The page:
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• Brazil

Participatory Budgeting

In many countries, planning and executing public budgets involve waste and come up against difficulties due to power concentration. For decades, Brazil experienced high inflation rates, which made budget management and control difficult. A change in this historical trend occurred in 1989, when the city of Porto Alegre, capital of the state of Rio Grande do Sul, with a population of 1.4 million inhabitants, elected Olívio Dutra as mayor. He and his team decided to set up a new mechanism for municipal administration, called “orçamento participativo”, participatory budgeting, based on social justice and the inclusion of social classes that had, until then, been excluded from representation. Participatory budgeting was an innovatory form of direct participation by the people in formulating and implementing budget policies in the city. Participatory budgeting brought democracy to decisions on how the city’s public resources were used. In the following years, this innovatory experience of participatory budgeting led to the creation of other channels of popular participation such as forums, councils, committees, and conferences. Porto Alegre came to be known as the Capital of Democracy.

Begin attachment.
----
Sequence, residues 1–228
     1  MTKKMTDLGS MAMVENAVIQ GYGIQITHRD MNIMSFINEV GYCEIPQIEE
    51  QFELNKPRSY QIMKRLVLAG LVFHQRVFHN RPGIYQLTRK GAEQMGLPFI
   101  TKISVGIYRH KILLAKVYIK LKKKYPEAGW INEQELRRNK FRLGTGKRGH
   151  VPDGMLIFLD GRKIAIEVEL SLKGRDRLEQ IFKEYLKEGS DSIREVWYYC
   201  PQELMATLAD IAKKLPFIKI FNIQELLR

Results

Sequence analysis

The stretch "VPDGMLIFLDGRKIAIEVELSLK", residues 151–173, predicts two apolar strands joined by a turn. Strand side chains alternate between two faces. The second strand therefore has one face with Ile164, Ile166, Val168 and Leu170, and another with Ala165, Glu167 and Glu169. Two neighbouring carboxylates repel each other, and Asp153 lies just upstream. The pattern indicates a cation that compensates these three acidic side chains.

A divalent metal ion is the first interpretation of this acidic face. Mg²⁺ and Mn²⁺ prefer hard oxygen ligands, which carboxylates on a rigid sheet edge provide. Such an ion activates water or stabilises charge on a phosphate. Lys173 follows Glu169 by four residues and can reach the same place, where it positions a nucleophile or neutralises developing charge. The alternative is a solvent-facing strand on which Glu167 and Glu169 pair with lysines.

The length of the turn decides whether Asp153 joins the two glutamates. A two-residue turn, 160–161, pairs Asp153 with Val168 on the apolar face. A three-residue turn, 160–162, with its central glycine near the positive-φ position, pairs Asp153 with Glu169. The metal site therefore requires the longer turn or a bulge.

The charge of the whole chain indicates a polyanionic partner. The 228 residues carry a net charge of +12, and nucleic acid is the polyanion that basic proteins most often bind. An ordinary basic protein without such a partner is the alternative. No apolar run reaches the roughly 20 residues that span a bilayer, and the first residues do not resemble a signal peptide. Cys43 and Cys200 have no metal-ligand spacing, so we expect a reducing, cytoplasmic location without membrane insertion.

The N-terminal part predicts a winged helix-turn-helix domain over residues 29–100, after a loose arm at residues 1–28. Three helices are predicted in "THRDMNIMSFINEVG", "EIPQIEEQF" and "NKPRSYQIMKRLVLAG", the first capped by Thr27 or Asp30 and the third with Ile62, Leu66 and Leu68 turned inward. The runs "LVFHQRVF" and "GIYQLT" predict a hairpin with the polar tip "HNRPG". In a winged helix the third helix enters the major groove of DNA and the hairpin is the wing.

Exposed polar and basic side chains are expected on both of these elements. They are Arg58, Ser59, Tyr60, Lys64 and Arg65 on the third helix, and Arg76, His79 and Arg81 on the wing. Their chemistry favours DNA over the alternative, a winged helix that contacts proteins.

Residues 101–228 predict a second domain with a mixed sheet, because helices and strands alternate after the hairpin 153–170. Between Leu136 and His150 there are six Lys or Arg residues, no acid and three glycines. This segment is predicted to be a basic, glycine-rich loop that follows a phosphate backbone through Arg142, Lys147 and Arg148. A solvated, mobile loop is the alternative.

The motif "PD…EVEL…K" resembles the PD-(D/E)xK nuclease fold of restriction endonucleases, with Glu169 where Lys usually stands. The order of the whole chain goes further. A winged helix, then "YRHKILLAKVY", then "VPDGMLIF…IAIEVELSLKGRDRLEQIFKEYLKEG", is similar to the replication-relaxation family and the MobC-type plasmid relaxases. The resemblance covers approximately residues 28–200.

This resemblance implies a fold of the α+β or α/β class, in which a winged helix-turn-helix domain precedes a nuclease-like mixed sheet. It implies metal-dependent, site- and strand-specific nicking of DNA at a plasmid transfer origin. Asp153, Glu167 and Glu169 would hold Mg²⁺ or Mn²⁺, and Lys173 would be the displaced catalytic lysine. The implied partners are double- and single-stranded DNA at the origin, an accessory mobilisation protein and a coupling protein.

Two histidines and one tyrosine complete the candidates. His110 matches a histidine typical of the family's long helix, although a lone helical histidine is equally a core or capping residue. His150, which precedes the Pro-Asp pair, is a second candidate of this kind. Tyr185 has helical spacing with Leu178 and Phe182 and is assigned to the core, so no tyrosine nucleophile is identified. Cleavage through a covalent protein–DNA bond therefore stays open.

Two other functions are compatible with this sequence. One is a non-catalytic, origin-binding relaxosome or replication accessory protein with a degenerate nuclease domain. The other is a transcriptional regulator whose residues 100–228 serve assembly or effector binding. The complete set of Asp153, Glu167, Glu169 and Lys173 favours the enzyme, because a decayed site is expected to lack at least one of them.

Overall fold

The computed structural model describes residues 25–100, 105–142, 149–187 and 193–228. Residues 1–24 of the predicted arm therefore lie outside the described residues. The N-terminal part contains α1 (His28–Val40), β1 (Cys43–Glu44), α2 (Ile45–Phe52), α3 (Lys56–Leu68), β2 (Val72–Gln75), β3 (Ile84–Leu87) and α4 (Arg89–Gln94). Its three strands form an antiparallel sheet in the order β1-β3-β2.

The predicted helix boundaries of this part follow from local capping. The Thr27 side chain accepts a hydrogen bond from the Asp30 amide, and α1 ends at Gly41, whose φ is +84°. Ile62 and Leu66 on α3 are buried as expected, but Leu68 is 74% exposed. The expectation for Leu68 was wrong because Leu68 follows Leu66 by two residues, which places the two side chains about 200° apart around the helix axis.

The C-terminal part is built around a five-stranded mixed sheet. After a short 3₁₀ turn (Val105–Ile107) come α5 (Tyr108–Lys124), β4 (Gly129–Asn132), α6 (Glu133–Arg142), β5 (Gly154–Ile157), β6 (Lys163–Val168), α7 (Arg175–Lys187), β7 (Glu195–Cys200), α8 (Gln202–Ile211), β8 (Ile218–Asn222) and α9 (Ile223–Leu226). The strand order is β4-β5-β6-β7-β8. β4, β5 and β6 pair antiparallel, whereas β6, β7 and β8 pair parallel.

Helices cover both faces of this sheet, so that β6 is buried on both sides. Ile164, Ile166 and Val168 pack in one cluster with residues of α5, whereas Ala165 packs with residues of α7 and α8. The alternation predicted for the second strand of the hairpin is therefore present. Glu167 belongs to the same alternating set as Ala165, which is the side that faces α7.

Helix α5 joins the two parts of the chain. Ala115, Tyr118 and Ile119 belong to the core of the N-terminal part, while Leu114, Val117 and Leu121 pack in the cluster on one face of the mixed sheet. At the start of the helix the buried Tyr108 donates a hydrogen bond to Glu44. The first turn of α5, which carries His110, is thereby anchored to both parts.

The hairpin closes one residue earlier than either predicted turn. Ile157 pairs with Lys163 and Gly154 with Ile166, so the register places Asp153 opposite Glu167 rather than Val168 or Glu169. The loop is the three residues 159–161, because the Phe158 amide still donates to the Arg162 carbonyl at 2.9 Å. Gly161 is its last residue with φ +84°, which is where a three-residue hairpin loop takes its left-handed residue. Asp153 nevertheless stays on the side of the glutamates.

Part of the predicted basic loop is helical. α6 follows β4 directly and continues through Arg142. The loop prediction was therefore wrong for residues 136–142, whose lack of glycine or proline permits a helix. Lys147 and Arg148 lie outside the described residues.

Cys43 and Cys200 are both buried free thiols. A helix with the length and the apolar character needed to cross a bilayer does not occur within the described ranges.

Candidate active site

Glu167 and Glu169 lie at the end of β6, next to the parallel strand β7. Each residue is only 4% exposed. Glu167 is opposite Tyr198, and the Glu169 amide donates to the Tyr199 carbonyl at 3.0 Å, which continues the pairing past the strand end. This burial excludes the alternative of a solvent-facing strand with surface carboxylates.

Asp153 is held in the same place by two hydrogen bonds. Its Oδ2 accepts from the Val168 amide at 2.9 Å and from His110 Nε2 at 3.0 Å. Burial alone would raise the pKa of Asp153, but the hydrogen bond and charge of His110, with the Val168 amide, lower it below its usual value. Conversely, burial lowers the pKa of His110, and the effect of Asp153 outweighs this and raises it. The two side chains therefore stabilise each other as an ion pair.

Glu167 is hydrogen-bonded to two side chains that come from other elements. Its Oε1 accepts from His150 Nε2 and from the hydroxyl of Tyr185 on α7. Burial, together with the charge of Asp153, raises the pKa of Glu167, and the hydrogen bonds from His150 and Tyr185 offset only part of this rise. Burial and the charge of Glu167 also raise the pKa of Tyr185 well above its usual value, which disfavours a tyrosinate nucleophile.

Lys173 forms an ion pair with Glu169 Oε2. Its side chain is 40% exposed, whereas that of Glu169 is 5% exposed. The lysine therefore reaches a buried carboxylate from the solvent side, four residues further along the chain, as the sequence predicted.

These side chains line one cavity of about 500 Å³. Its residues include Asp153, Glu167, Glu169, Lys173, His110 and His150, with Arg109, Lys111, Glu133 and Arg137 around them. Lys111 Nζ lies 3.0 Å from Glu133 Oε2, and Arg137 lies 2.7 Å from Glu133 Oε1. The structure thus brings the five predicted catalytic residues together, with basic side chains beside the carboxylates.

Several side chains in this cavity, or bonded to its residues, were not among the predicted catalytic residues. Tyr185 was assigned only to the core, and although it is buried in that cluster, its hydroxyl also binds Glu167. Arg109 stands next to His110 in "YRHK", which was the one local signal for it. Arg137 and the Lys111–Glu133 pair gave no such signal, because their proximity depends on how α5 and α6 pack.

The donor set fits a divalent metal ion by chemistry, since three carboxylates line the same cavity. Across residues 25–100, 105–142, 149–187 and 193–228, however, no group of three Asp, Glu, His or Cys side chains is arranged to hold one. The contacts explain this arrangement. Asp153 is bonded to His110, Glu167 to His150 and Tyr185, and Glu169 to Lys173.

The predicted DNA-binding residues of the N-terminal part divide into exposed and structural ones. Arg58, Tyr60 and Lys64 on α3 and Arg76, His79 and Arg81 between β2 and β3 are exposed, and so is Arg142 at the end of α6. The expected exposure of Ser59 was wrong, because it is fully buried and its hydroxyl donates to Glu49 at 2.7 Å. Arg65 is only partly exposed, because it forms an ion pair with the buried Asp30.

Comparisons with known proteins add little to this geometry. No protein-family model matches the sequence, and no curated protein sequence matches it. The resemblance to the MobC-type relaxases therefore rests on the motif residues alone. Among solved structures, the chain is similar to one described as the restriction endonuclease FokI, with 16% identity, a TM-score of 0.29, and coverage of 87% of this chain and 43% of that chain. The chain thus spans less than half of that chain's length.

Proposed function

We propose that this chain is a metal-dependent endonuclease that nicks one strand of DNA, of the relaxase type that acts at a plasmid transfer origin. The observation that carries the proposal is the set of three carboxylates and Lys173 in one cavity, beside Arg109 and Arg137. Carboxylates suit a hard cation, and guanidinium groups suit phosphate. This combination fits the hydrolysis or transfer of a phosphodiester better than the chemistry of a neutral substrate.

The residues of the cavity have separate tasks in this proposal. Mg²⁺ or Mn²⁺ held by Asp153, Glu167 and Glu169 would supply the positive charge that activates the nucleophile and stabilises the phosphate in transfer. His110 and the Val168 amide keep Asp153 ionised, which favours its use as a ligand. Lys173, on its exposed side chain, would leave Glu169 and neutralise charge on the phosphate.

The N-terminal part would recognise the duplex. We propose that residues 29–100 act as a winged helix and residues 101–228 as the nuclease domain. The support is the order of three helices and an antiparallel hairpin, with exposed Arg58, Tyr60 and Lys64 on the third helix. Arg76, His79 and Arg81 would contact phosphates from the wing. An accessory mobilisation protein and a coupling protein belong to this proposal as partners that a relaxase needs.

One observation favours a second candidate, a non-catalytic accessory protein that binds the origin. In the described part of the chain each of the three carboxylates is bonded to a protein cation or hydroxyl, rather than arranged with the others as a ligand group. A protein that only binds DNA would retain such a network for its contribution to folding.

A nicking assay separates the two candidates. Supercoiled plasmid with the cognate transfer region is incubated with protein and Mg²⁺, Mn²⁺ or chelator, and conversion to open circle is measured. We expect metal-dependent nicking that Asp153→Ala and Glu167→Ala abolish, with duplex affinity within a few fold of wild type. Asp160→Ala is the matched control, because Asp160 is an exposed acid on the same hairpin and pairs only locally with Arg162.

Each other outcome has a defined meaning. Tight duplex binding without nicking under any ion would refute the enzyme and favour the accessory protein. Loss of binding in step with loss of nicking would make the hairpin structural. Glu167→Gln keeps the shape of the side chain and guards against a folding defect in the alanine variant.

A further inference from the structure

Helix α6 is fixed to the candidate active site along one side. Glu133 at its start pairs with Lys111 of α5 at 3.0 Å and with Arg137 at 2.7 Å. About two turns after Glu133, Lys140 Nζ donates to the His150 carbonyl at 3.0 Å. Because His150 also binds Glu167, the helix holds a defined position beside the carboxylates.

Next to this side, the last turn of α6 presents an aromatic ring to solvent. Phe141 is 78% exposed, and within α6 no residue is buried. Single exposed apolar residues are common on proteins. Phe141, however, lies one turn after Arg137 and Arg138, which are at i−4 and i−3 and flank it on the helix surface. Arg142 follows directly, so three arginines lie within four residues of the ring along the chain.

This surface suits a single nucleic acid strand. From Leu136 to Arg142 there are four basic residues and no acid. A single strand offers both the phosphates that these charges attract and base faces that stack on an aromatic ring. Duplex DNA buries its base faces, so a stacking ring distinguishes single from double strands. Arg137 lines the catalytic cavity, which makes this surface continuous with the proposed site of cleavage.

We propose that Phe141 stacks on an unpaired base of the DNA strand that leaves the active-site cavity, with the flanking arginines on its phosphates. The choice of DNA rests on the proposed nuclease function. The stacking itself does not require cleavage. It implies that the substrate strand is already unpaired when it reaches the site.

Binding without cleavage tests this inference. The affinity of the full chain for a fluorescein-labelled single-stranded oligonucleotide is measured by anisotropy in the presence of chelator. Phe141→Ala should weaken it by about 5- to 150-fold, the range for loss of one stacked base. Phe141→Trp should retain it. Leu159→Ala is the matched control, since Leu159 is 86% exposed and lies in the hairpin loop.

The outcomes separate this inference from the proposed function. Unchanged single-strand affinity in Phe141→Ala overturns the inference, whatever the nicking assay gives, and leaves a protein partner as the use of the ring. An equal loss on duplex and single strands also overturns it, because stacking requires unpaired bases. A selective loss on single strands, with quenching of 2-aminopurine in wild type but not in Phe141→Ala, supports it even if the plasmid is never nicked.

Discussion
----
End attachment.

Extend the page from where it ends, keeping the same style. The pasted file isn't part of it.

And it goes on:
Text written by Eduardo Mancuso